police4aqi

Police, The Fourth Amendment, Qualified Immunity

Judge Joseph M. Hood makes bad decision in case regarding police announcement

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One pet peeve of mine is that police officers sometimes make insufficient efforts to identify themselves as police in a manner so that it is understood beyond all doubt that police are on the scene. Sometimes this happens when police officers approach people in their cars at night. Sometimes it is during a raid on a home. In these cases, people, regular citizens, who do not realize that it is a police officer approaching attempt to defend themselves and get shot, or arrested, for resisting police. Fortunately, this case that this blog post is about did not end in major tragedy. However, it is representative of courts who tacitly condone police sneaking up on people who should not, for safety reasons, be snuck up on.

Case: West v. City of Paris, Dist. Court, ED Kentucky 2015

What happened: There was an ongoing fight on a lawn. Plaintiff went out to break up the fight. Police were also called. Police turned off their flashing lights and sirens before they approached the scene of the fight (incredibly, police testified that they did this to avoid disturbing the neighbors). After exiting their vehicle(s), police testified that they ordered plaintiff, who was still trying to break up the fight, to disengage. Plaintiff claims he heard no warning. It is apparently undisputed that the police did not announce that they were police, even if they did give an order. One of the police officers grabbed plaintiff. Plaintiff resisted the grabbing, not realizing it was a police officer grabbing him, and managed to temporarily get the better of the police officer attacking him (Lieutenant Michael Dempsey from the Paris, KY Police Department). So, the police officers tasered and beat up plaintiff. Plaintiff eventually plead guilty to disorderly conduct (one of multiple charges the police brough against plaintiff).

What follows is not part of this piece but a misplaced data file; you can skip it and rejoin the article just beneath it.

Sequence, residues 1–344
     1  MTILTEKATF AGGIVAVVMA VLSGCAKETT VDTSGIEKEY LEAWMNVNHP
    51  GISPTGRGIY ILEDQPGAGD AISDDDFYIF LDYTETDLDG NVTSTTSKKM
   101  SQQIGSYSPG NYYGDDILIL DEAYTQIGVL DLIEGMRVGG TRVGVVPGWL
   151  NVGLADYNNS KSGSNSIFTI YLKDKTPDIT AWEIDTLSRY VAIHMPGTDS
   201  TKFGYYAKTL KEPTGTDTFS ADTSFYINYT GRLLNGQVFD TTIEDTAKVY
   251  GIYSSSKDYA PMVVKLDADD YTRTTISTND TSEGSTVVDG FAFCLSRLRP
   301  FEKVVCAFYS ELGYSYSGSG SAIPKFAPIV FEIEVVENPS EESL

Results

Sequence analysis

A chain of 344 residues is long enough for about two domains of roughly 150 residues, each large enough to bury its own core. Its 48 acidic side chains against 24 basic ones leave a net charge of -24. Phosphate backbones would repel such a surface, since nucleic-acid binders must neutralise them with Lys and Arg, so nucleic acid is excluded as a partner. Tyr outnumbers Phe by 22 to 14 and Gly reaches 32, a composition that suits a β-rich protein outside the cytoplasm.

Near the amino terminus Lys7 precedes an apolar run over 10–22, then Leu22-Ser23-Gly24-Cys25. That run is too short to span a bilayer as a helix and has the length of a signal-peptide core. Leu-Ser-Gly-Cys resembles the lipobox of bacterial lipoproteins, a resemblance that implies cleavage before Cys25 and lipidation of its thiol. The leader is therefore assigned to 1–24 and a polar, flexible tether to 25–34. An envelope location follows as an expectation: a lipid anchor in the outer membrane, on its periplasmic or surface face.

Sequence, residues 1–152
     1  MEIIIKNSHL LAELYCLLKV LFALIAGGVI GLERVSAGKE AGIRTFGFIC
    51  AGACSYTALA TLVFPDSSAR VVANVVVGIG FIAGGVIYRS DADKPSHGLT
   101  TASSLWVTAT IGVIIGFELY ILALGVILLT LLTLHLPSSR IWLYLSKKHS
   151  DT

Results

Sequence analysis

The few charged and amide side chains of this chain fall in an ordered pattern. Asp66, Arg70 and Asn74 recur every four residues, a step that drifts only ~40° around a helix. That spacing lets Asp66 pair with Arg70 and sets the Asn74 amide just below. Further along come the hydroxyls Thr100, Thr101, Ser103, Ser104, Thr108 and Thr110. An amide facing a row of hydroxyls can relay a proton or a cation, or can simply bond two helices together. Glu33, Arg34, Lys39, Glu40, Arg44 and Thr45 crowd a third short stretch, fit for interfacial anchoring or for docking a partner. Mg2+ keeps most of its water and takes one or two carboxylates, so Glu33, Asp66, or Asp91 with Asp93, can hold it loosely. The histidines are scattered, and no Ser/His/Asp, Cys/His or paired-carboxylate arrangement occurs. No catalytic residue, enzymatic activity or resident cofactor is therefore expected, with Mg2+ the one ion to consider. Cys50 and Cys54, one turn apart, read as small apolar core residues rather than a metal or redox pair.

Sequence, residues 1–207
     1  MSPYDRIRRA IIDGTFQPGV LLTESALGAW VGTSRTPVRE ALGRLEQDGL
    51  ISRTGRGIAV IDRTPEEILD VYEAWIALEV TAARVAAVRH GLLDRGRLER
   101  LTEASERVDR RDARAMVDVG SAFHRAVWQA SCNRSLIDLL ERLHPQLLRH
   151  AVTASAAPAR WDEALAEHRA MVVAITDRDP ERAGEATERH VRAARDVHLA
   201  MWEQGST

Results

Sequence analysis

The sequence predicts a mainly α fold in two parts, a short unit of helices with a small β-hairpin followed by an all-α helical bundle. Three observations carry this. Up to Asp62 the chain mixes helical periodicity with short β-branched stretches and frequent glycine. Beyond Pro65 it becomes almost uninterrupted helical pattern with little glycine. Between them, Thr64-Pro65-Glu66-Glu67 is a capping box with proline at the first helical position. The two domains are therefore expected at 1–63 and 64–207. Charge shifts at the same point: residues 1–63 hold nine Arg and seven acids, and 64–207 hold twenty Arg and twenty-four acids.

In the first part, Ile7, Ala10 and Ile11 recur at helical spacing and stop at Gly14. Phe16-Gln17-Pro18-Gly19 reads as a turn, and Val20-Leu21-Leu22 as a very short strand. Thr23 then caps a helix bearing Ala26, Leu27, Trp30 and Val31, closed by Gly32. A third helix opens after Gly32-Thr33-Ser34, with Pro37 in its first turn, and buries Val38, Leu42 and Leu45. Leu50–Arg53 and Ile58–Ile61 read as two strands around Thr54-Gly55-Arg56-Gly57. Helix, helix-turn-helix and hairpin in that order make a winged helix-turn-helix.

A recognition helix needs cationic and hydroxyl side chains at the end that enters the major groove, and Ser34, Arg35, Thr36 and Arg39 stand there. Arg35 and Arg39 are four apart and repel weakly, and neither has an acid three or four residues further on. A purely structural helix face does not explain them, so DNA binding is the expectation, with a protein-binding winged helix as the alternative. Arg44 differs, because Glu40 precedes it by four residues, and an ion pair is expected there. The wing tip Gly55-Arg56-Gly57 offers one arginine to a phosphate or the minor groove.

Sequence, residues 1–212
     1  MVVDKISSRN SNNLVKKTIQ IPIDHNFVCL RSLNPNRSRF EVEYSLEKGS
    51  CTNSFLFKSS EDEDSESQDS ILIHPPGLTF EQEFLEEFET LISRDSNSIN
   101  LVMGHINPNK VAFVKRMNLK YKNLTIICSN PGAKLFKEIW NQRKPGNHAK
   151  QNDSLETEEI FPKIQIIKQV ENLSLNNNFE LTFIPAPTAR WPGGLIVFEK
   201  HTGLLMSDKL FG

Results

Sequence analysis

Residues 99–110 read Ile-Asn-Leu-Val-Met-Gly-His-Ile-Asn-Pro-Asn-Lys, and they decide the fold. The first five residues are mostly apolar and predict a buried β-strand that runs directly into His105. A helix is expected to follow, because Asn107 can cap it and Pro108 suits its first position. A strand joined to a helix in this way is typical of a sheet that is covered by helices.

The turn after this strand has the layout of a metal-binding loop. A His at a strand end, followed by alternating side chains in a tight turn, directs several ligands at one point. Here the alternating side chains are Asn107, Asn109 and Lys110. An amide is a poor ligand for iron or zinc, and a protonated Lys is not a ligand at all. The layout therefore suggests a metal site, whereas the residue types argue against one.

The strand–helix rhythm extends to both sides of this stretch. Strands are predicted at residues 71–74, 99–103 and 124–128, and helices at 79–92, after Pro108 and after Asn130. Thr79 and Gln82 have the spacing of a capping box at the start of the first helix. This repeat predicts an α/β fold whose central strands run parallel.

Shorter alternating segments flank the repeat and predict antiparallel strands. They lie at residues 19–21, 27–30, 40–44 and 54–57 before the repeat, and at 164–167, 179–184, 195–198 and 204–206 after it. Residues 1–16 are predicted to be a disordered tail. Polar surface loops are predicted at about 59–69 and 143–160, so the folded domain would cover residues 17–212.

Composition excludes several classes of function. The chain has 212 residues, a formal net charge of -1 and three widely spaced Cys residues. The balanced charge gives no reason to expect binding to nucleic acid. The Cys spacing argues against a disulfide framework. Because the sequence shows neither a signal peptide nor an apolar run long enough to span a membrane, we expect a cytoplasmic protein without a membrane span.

Decision: Judge Josph M. Hood found that the police did not violate plaintiff’s 4A right against excessive force, stating “[i]t is irrelevant to the Court’s inquiry that West was engaged in breaking up a fight between King and Johnson or that he did not heed the officers’ order because he did not hear them.”

Criticism: Of course it is relevant that plaintiff did not hear the alleged order to disengage because that is evidence that such an order was never made, especially at the summary judgement stage where plaintiff’s version of the facts is taken as true. Furthermore, even if such an order was given, it appears undisputed that plaintiff had no way of knowing that it was a police officer issuing the order. In short, the police officers should have announced their presence much better (keeping their flashing lights on would have been an excellent start), and Judge Hood should know better than to indulge this kind of police behavior — for the safety of police officers if for no other reason.

Another criticism: Judge Hood’s opinion also appears to resolve several disputed facts in favor of the police, most notably the issue of whether Lieutenant Dempsey gave any orders prior to jumping plaintiff. There were also disputed facts concerning whether the police stopped punching and kicking plaintiff after he was tasered, realized it was police on the scene and had stopped resisting.

Written by Burgers Allday

January 29, 2015 at 7:03 pm

Posted in Uncategorized

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